Did a Miami Beach City Employee Kill an Endangered Sea Turtle in a Hit-and-Run?

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Alex Martinez was surveying sea turtle nests in Miami Beach early Monday morning when a beachgoer flagged him down. On the shoreline at Tenth Street was a 300-pound loggerhead turtle, dead in the sand near a freshly laid nest. A closer look at the nest revealed tire tracks and boot prints.

The Florida Fish and Wildlife Conservation Commission (FWC) is still investigating, but some residents were quick to point out that driving is banned on the beach: Only emergency and city vendor vehicles are allowed. Which raises an obvious question: Did a city employee run over the nest and then drive away from the scene? 

Miami Beach spokesperson Melissa Berthier says that immediately after learning about the incident, the city sent everyone with permission to drive on the beach a notice reminding them it's sea turtle season and asking them to be careful. But she says the city is waiting for FWC to finish its investigation before taking further action, adding there's a chance someone else might have been driving a vehicle or ATV on the beach illegally.

"Once we have a cause of death and the full report, we will begin an internal investigation, if necessary," Berthier wrote in an email to New Times. "In the interim, we reached out to both the Miami-Dade County Sea Turtle Program staff and to FWC to request as much information as possible and to offer our assistance with their investigation."

Loggerhead sea turtles, which nest from March to October, are listed as threatened under the Endangered Species Act. State and federal laws make it illegal to interfere with a turtle or its nest without FWC authorization.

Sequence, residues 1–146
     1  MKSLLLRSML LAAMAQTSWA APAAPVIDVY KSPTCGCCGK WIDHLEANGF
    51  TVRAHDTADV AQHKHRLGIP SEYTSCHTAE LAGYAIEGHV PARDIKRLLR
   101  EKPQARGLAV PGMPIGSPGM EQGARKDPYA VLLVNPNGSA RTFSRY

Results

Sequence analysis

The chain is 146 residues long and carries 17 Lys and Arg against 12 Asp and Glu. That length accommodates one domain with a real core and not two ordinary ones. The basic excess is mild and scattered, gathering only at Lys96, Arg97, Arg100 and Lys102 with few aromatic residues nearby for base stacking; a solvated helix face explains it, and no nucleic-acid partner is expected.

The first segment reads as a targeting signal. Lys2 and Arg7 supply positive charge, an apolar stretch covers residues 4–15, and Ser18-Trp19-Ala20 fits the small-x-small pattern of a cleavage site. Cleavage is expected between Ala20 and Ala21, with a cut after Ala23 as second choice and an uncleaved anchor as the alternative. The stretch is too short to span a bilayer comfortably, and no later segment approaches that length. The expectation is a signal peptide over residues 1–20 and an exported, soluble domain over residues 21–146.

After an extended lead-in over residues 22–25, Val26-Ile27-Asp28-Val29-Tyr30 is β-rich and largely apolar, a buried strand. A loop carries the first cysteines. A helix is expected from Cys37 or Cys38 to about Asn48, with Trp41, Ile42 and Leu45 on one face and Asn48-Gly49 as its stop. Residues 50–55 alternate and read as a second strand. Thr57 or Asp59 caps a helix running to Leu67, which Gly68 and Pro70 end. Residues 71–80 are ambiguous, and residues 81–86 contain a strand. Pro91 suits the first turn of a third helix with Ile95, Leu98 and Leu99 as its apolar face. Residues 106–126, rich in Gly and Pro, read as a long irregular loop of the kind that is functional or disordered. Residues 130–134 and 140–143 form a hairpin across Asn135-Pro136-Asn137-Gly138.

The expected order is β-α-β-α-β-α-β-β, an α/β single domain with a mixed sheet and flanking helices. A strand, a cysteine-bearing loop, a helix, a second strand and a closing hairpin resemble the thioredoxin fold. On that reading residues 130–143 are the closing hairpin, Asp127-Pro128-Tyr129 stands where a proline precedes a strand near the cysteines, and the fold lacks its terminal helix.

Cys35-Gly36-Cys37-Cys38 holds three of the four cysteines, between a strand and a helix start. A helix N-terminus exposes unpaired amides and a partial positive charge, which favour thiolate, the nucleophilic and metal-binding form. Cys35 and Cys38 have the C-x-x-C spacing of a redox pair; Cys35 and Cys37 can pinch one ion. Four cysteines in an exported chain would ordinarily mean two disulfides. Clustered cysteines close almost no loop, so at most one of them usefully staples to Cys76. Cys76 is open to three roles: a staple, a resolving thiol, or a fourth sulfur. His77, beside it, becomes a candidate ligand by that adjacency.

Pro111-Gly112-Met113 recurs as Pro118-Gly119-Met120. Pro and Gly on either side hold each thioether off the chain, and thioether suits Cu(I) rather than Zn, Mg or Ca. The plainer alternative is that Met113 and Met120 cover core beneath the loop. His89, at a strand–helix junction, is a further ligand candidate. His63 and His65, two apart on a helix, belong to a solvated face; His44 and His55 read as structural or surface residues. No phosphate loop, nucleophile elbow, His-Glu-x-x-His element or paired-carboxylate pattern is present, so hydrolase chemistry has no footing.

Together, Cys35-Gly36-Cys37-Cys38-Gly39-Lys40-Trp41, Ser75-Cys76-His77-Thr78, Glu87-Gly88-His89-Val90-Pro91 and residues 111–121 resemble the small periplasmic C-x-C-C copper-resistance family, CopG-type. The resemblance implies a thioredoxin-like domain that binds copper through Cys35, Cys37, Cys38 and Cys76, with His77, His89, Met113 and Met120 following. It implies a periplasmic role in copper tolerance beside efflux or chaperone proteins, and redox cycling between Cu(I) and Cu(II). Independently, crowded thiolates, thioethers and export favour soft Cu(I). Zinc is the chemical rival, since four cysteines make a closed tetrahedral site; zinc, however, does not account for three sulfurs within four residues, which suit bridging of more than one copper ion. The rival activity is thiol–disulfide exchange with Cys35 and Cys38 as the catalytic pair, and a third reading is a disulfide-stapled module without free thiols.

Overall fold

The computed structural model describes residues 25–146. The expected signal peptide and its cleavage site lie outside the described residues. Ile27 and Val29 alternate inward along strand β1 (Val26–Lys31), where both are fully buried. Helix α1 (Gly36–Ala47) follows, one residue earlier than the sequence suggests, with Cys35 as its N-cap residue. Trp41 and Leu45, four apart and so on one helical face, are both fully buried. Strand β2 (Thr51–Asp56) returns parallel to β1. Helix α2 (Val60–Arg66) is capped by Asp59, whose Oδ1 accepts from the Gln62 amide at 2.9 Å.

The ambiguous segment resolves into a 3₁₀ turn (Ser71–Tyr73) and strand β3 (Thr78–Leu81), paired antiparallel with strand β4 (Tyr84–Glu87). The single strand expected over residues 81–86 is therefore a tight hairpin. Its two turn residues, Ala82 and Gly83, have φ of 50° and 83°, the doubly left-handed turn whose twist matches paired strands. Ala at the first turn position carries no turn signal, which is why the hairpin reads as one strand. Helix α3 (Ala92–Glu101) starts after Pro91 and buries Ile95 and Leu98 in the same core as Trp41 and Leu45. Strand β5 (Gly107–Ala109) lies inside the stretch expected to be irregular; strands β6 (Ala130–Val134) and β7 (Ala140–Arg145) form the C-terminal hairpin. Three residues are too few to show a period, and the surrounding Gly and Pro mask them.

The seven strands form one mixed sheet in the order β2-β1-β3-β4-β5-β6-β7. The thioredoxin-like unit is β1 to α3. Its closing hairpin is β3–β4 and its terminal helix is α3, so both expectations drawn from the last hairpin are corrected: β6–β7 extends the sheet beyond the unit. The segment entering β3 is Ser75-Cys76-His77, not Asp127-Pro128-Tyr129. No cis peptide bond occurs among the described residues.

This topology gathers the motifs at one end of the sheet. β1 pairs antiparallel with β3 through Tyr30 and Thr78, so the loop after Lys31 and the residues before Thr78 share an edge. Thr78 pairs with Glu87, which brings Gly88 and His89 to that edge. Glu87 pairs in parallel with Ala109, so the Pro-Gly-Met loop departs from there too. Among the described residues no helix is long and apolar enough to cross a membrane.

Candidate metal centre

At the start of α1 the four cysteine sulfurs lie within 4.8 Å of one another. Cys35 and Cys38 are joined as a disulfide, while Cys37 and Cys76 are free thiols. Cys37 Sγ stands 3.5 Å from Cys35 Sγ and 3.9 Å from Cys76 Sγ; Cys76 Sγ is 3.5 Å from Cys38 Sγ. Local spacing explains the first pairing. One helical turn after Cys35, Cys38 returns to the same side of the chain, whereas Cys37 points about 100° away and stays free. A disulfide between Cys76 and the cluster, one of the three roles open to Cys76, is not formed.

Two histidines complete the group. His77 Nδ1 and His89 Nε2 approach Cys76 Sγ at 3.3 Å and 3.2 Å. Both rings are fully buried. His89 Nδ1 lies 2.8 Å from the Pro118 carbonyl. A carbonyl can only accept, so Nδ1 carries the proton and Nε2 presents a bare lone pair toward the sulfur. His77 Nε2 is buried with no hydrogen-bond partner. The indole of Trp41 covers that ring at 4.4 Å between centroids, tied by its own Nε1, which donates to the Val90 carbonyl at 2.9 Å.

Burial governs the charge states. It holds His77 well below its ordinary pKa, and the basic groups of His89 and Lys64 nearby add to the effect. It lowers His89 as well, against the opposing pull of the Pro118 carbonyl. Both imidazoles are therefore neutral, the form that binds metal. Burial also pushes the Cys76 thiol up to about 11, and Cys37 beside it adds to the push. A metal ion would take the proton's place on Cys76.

The City of Miami Beach sends out information on how to protect the sea turtle population each year as nesting season gets underway, Berthier says.

Local activist Michael DeFilippi, who runs Clean Up Miami Beach on Facebook, says more should be done, including sea turtle protection training for anyone allowed to drive on the beach.
"I don't feel at the city level that we put enough resources into making sure they're really protected," he says. "What I want to come out of this is something policy-wise to change so there is greater protection."

The sea turtle found Monday morning appeared to have only minor injuries, including a wound on her shoulder and damage to her shell, according to a standing report from FWC. No cause of death has been determined: She was otherwise healthy and appeared to have just laid the nearby nest. That nest and another in the area had been run over.

FWC is expected to complete its final report by early next week, Berthier says.

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